Brevity is Good

Doing some research about the government and military intelligence communities and what is referred to as “analytic tradecraft”, a notable omission in the available open-source references became apparent. Somewhat to my surprise, while every member of the intelligence community has an almost endless number of instructions, recommendations, and regulations about the analysis of information and intelligence, the legal and security considerations for intelligence products, and the proper dissemination and classification markings for intelligence products, there seems to be little in the way of actual instruction on how to actually write an intelligence report.

Obviously, analysts and other potential authors have – or should have – a more than passing familiarity with the written language (and if they don’t, the military has a number of references for them.) However, aside from the fundamentals of English, it seemed there would be other instructions for the creation of written intelligence products, given the sizable online presence of the world’s intelligence communities.

There are a large number of websites with information about intelligence and the analysis thereof, but they offer little more instruction in the nitty-gritty details of dissemination than “keep it brief”, “focus on the bottom line”, and “form is never more important than substance”. That might work in the burgeoning private-sector intelligence field, but surely there’s a right way to write reports, the wrong way… and the Army way. Right?

As it happens, there is an Army way of doing things, but the available literature has a particularly heavy emphasis on battlefield military intelligence, and the various reports all boil down to “where’s the enemy, and who’s going to kill them?” Too, the various bomb reports, shell reports, weather reports, and similar products follow very concise, specialized formats, specially tailored to suit the Army’s whims. However, the military does include some helpful guidance on intelligence products: “[R]eports are feeders of information into the intelligence system. If a gap in the information flow develops, or a problem is too complex for a report to solve, a study should be initiated.” When something is too complex for a report, a “study” is appropriate. Happily, the Army provides clear and concise instructions for correctly formatting a study – in just six easy paragraphs – the “problem”, the “assumptions”, the “facts bearing on the problem”, a “discussion”, “conclusions”, and “recommendations”.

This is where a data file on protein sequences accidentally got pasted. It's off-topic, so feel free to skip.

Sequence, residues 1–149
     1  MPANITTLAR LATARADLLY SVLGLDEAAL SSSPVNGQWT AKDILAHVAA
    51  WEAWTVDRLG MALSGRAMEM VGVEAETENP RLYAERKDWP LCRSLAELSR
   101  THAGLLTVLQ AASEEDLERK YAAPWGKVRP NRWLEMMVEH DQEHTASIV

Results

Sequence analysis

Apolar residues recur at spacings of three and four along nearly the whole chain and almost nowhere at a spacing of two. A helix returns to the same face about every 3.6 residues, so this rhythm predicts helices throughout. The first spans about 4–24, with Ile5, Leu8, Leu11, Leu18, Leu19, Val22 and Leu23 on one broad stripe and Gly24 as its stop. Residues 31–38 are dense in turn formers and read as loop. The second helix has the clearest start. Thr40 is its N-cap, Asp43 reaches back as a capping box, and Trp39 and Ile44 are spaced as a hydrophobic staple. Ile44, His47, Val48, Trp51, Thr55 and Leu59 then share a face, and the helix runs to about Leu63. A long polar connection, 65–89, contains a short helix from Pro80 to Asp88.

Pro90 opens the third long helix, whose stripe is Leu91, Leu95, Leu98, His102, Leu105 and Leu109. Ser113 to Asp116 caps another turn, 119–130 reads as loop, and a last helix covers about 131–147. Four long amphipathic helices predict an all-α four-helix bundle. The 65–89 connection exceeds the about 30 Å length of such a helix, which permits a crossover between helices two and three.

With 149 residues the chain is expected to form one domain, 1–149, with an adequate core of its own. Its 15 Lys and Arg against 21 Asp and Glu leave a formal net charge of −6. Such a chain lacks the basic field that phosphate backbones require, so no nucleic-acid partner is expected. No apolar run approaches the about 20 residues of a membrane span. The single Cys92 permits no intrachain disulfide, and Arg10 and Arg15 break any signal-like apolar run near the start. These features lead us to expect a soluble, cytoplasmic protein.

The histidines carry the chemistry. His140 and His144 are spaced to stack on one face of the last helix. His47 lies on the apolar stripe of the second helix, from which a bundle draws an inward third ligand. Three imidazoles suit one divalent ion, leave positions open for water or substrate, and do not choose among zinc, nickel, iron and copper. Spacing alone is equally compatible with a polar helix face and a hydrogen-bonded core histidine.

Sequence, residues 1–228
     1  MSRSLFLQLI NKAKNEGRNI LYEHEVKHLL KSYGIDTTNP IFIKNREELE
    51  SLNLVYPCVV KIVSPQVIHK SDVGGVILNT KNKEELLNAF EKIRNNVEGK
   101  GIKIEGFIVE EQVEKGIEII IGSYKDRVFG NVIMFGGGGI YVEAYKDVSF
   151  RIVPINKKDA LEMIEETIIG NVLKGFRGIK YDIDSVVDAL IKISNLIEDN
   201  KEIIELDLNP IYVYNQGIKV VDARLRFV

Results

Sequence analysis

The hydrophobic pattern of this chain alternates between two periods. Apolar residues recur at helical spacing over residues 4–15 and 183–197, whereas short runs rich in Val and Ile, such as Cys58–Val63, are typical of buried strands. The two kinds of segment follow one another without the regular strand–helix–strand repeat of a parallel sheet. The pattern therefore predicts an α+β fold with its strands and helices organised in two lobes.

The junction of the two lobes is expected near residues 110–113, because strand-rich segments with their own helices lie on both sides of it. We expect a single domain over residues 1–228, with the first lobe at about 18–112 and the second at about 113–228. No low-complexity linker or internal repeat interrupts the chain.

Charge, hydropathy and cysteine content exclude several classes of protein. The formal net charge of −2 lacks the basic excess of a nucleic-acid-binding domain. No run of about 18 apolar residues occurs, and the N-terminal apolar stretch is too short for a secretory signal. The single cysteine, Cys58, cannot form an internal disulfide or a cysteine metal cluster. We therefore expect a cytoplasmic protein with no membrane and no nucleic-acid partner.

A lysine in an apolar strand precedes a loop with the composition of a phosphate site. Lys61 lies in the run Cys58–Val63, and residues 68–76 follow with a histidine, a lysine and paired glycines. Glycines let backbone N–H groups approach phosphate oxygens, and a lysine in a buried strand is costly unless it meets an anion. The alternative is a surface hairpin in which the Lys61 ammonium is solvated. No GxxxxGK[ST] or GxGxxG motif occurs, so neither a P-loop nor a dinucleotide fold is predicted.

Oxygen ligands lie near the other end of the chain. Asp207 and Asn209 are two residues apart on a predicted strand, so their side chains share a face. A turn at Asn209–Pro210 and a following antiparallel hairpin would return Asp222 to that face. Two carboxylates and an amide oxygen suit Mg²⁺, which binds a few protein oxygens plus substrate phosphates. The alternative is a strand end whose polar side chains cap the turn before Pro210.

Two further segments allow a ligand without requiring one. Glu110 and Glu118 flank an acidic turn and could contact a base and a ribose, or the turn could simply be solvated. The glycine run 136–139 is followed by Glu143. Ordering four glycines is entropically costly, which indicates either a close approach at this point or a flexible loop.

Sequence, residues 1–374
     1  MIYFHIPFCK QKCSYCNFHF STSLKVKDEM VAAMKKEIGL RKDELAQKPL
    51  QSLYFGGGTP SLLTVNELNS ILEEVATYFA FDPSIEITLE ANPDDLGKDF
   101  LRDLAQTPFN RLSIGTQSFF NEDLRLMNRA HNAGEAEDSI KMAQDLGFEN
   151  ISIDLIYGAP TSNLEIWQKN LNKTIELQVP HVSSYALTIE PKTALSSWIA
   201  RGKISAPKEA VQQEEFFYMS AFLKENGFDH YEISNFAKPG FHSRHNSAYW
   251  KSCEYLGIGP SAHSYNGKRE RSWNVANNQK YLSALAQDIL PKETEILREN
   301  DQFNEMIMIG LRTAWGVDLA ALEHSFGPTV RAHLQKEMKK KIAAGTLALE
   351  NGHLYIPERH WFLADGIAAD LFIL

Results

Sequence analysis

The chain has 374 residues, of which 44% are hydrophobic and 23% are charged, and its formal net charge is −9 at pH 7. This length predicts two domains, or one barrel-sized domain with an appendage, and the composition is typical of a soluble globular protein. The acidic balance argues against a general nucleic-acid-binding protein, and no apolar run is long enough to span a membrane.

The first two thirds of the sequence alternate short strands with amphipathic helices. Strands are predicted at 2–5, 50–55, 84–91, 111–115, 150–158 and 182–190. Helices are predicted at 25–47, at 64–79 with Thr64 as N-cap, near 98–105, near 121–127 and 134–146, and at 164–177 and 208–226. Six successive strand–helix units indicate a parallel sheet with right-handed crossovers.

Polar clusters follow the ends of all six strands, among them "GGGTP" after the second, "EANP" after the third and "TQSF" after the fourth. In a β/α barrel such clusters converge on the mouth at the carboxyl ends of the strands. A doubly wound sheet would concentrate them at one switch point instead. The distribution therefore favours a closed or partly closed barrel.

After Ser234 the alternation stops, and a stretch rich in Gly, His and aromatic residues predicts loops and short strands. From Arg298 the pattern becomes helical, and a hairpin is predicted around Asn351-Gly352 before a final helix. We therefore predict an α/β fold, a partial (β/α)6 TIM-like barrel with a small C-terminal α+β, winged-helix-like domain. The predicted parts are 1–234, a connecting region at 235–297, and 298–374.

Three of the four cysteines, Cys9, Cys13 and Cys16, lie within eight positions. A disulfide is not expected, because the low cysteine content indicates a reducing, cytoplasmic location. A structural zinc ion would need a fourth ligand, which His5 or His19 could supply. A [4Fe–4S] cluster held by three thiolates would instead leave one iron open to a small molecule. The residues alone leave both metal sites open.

In the Army, it seems, complex problems can be solved in just six paragraphs. Evidently, the various websites and manuals really are right, when they say that brevity is important, whether you call your finished product a “report”, an “analysis”, or a “study”. Oh, sure, there’s room at the end for annexes, supporting documents, concurrences, nonconcurrences, annexed summaries of lengthy concurrences and nonconcurrences, and all that rot – but that’s just details. One complex problem, six paragraphs, Bob’s your uncle, and the world’s a better place, apparently.

In conclusion, the “Army way” may not be – indeed, almost by definision is not – the “right way” to approach the formatting and layout of intelligence reports outside of its hallowed confines. In the absence of other available public guidance on the subject, if “keeping it brief” works successfully, it’s probably advisable to infer that another piece of “conventional wisdom” – namely, that form is never more important than substance – is equally valid advice, and follow it, by doing your own thing.

Published in: Geekiness, General, Security | on October 25th, 2007| Comments Off on Brevity is Good

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